Immersion: A behind-the-scenes look at a tool that maps your life based on every email you’ve ever sent

TED Blog

Your email inbox almost always looks the same. The content may change, but it’s still a chronological list — a narrow, time-based organization of correspondence, deeply set in the present. But a team from the MIT Media lab has created a new way for you to see your email, as an intimate and elegant visualization of your life organized around people.

Tracing the to, from, cc, and timestamp information on every email you’ve ever sent, a new tool called Immersion crafts a complex web of our lives and relationships. The program represents contacts as circles, and the sizes of the circles vary according to how many emails you’ve exchanged with each person. It charts your interactions with friends, family and coworkers for as far back as you’ve had your email address, and it automatically groups your contacts into social circles based on who is included on a thread. You can…

View original post 372 more words

Immersion: A behind-the-scenes look at a tool that maps your life based on every email you’ve ever sent

TED Blog

Your email inbox almost always looks the same. The content may change, but it’s still a chronological list — a narrow, time-based organization of correspondence, deeply set in the present. But a team from the MIT Media lab has created a new way for you to see your email, as an intimate and elegant visualization of your life organized around people.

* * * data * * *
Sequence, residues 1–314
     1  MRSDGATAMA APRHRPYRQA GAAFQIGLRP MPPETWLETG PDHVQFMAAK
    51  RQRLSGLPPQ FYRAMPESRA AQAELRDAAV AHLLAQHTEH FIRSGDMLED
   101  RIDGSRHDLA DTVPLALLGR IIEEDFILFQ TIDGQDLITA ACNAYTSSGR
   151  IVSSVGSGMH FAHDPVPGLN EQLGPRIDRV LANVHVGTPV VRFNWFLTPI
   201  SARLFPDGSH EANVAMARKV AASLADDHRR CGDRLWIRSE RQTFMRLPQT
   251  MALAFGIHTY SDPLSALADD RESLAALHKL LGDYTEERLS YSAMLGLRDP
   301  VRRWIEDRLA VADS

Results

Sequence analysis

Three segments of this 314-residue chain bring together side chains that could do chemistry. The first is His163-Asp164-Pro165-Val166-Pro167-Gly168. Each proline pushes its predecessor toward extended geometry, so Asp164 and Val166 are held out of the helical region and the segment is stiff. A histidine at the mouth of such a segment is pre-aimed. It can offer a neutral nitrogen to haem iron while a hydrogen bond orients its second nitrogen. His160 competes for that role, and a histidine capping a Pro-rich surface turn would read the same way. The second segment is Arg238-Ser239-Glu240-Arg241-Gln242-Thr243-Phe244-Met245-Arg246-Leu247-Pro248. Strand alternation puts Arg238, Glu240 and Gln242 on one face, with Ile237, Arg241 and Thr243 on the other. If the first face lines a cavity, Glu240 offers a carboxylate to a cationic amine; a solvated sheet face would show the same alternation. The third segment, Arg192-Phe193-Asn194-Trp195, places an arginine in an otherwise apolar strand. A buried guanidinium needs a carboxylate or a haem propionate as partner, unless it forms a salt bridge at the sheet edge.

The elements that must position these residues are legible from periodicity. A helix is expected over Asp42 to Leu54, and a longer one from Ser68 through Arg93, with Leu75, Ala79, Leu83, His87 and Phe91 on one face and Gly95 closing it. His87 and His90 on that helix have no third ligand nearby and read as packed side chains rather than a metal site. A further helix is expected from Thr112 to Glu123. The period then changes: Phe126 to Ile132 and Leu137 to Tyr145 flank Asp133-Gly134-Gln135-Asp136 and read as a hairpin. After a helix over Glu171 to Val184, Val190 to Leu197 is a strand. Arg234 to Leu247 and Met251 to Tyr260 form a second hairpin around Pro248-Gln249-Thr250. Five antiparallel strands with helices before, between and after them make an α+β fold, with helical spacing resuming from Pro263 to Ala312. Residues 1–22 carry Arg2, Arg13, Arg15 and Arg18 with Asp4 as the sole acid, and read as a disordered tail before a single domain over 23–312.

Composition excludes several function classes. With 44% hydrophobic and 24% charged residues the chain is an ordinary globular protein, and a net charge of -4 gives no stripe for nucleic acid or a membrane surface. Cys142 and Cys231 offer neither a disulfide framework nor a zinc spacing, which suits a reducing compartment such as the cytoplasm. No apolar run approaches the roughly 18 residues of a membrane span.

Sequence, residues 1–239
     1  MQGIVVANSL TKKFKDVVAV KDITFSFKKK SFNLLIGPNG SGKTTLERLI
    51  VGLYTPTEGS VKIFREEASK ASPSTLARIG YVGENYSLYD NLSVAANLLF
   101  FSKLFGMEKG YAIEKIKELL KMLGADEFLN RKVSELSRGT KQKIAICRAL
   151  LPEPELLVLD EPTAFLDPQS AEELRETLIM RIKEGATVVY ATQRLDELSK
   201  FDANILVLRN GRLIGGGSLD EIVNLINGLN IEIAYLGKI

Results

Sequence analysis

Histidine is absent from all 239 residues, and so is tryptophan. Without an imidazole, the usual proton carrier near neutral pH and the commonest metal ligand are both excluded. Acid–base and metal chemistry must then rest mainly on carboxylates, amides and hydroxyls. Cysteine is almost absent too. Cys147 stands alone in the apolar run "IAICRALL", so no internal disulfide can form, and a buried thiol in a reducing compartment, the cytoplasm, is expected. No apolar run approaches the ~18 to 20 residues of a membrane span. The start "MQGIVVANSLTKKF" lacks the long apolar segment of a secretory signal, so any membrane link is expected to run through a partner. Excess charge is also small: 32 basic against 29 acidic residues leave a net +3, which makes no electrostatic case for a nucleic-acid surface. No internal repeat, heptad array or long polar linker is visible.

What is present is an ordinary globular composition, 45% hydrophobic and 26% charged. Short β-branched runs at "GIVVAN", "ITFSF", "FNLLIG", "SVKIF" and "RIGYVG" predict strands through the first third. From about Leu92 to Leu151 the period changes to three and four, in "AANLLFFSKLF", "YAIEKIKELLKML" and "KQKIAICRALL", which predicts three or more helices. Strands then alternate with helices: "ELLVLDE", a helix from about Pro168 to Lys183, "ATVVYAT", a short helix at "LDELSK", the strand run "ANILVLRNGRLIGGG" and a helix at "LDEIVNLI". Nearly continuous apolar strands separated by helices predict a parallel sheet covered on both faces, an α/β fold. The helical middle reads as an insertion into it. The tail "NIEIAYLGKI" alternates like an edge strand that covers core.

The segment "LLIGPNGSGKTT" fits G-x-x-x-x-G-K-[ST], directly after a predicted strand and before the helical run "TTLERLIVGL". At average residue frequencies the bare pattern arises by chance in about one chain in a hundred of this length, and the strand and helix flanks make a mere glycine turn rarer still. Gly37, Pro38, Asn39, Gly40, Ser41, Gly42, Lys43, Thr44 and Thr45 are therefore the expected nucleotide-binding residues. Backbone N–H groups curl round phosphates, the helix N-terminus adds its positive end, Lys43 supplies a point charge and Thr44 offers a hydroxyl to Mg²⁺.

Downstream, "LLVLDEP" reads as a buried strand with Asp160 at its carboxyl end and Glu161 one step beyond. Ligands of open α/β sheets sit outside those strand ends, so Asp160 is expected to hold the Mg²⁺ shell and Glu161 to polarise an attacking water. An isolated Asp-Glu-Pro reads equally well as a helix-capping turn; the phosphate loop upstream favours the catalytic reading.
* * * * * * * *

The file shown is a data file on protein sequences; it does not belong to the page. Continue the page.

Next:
Tracing the to, from, cc, and timestamp information on every email you’ve ever sent, a new tool called Immersion crafts a complex web of our lives and relationships. The program represents contacts as circles, and the sizes of the circles vary according to how many emails you’ve exchanged with each person. It charts your interactions with friends, family and coworkers for as far back as you’ve had your email address, and it automatically groups your contacts into social circles based on who is included on a thread. You can…

View original post 372 more words

California’s Infrastructure

California is a good place to live and work now, but our future as a leader in many areas is uncertain at best. California’s infrastructure is slowing crumbling, and the lack of investment is troubling. Only about half of freeway maintenance needs (over the next 10 years) can be funded with the current amount of state and federal gas taxes. Local streets are in worse condition (see below). And public transportation (bus and rail) is worse yet given the historical diversions of transportation dollars to the general fund and the need to operate and maintain bus and rail service. So yes, California is still a great place to live and work, but the way things are today is not the way they will be in the future. That future should be our focus.

http://www.savecaliforniastreets.org/
http://www.catc.ca.gov/reports/2011Reports/2011_Needs_Assessment_updated.pdf.

– Kurt